Rebecca Garcia helped in preparing the breakfast by getting coffee and hot chocolate at a local Starbucks. A young girl inside the shop saw her hands were full with the beverages and offered her help to bring them to the car. Garcia told her: “By the way, these are going to the homeless.” And the girl said, “Ah, that’s awesome. I wish I could go with you.”
The girl’s comment demonstrates the spirit of compassion many people in the South Valley community feel about helping their fellow humans who have to struggle with life’s uncertainties, she said.
In July, Santa Clara County released its 2019 Point-in-Time count report, a biennial attempt to tally the homeless population. It showed the number of homeless people spiked dramatically in some north county cities. San Jose counted 6,097 homeless individuals this year. This is up 41 percent from 4,350 in 2017.
The count showed 114 homeless people in Morgan Hill this year. This compares to 81 homeless individuals in 2015 and 388 homeless people in 2017. The sharp increase in 2017 was due to an anomaly when several weeks before the 2017 count took place, the Thousand Trails RV park flooded from winter rains, forcing dozens of RVs onto city streets.
California has about 250,000 homeless people, about half of America’s total homeless population. A recent report of the communities in the state that are best handling their housing challenges gave “A” grades to 50 cities. Morgan Hill was the only city in the county that received an “A.” This grade shows the character of the community, Garcia said.
“What I love about Morgan Hill’s approach to addressing homelessness, we tend to tackle things on a smaller scale and focus on a smaller number of families,” she said. “When this (car park shelters) originally started out, it was for eight families, which may not sound like a lot but that’s 30 people every night who have a place to sleep in a safe place where they’re welcomed.”
Members of faith-based organizations bring them meals during the week, a way to make sure the people staying in the trailers feel that they are connected to the community
Homelessness is a crisis situation throughout California, and many experts believe the solutions must come on a local level. The city is considering opening a second Safe Parking Shelter spot to help more homeless individuals and families have a safe place to stay at night. Finding the right location is the hardest part in this endeavor. The place needs to be zoned, and if it’s in the county it requires a permit.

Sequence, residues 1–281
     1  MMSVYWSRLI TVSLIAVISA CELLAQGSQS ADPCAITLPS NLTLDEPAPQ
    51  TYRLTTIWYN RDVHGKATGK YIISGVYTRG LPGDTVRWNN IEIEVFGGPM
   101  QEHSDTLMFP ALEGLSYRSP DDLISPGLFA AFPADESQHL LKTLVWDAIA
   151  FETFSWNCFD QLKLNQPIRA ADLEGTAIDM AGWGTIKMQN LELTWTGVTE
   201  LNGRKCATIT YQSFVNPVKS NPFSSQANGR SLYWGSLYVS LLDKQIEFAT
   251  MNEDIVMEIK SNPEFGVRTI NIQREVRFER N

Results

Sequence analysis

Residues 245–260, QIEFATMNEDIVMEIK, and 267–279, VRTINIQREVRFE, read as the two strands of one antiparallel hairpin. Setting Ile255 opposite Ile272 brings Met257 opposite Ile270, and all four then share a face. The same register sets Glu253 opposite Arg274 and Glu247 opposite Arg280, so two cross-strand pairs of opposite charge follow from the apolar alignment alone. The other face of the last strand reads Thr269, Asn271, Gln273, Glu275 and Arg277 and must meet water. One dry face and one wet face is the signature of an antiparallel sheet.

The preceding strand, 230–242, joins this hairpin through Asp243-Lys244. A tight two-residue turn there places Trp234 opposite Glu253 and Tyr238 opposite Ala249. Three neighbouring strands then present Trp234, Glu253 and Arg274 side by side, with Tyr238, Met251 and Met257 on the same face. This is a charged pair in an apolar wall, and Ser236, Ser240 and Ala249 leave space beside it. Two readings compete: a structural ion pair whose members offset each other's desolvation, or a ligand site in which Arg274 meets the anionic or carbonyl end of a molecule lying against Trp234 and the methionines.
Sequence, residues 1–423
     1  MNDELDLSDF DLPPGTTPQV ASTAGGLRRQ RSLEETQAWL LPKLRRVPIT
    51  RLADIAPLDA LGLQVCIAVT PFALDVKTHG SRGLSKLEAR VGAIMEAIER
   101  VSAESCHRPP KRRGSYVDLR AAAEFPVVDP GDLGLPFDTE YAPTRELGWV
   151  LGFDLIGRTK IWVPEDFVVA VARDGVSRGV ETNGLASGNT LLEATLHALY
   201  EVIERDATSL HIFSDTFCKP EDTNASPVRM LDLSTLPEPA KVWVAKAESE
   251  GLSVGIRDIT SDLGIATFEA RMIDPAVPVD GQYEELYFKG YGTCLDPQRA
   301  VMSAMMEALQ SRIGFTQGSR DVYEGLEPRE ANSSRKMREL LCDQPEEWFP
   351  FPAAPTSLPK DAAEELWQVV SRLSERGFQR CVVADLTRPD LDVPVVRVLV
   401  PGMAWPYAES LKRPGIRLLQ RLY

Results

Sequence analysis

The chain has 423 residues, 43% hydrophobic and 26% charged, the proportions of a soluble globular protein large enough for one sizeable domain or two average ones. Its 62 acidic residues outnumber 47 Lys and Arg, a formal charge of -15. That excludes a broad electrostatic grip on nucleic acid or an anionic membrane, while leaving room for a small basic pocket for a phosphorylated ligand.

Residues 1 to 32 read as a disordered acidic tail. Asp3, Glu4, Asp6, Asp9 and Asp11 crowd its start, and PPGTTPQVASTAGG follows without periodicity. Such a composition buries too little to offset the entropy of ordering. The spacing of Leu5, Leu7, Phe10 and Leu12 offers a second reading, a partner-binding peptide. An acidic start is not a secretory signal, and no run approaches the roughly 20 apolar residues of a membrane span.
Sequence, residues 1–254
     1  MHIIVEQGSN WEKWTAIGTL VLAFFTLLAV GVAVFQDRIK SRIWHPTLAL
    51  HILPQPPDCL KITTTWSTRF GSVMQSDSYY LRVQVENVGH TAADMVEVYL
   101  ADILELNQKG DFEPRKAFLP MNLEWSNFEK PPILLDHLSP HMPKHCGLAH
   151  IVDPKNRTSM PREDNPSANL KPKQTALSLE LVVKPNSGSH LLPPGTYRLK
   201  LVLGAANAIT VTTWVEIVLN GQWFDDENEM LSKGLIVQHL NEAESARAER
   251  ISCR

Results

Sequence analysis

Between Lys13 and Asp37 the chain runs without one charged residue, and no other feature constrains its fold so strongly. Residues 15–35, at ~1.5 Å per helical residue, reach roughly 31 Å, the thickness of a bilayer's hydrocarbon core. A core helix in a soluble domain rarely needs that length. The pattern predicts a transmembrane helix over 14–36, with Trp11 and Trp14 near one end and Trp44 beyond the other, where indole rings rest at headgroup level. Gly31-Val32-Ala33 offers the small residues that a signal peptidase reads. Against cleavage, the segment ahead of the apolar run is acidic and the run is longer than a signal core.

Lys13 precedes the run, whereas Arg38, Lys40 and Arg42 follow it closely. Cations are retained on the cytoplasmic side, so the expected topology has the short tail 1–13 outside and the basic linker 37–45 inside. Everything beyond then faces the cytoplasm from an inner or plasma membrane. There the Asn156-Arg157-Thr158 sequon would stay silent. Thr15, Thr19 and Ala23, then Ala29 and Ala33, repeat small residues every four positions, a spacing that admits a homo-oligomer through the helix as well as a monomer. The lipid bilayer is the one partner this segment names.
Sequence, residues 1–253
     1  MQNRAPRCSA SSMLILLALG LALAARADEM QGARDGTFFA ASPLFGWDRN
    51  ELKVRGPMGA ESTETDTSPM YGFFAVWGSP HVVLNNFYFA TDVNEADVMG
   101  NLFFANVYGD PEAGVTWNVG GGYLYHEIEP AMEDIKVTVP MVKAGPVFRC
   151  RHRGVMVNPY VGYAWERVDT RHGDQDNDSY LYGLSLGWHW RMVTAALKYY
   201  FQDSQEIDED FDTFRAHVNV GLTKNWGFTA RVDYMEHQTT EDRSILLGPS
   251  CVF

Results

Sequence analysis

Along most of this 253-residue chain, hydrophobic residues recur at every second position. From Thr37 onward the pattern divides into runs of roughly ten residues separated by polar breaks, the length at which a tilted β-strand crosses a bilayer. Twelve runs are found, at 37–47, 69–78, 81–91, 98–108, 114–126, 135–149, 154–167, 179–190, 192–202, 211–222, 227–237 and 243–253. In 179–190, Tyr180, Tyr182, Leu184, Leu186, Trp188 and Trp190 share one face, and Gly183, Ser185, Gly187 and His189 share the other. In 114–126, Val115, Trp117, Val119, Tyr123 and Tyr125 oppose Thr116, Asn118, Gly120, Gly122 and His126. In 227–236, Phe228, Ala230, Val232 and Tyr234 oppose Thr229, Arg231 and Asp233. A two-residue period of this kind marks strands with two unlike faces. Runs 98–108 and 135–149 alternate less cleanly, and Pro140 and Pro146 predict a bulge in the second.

“Hopefully, we can do another one sometime soon,” Garcia said. “This is such a great location because it’s back (from Monterey Road) and the kids have a large field where they can play.”
Safe parking programs like those at the Morgan Hill Bible Church can work for some people, but because of the human condition, there is no one-size-fits-all solution. That’s why advocates emphasize looking at different strategies to make progress, she said.
Finding solutions to the homeless crisis in California also requires creativity and a willingness to take risks, Garcia said. Sometimes, members of the public have misconceptions about the problem, which can interfere with providing help. But Morgan Hill is taking steps to reduce the number of people living on the streets, in their cars or along creeks.
“I believe in doing things on a smaller scale to make sure it works, not only for the homeless but also for the entire neighborhood,” Garcia said. “I guess if I had to say one thing, there’s no effort that’s too small.”
One of those efforts includes a group of Rotarians providing holiday cheer to safe parking occupants with a special breakfast — and even a surprise visit by Santa Claus — on Christmas Day.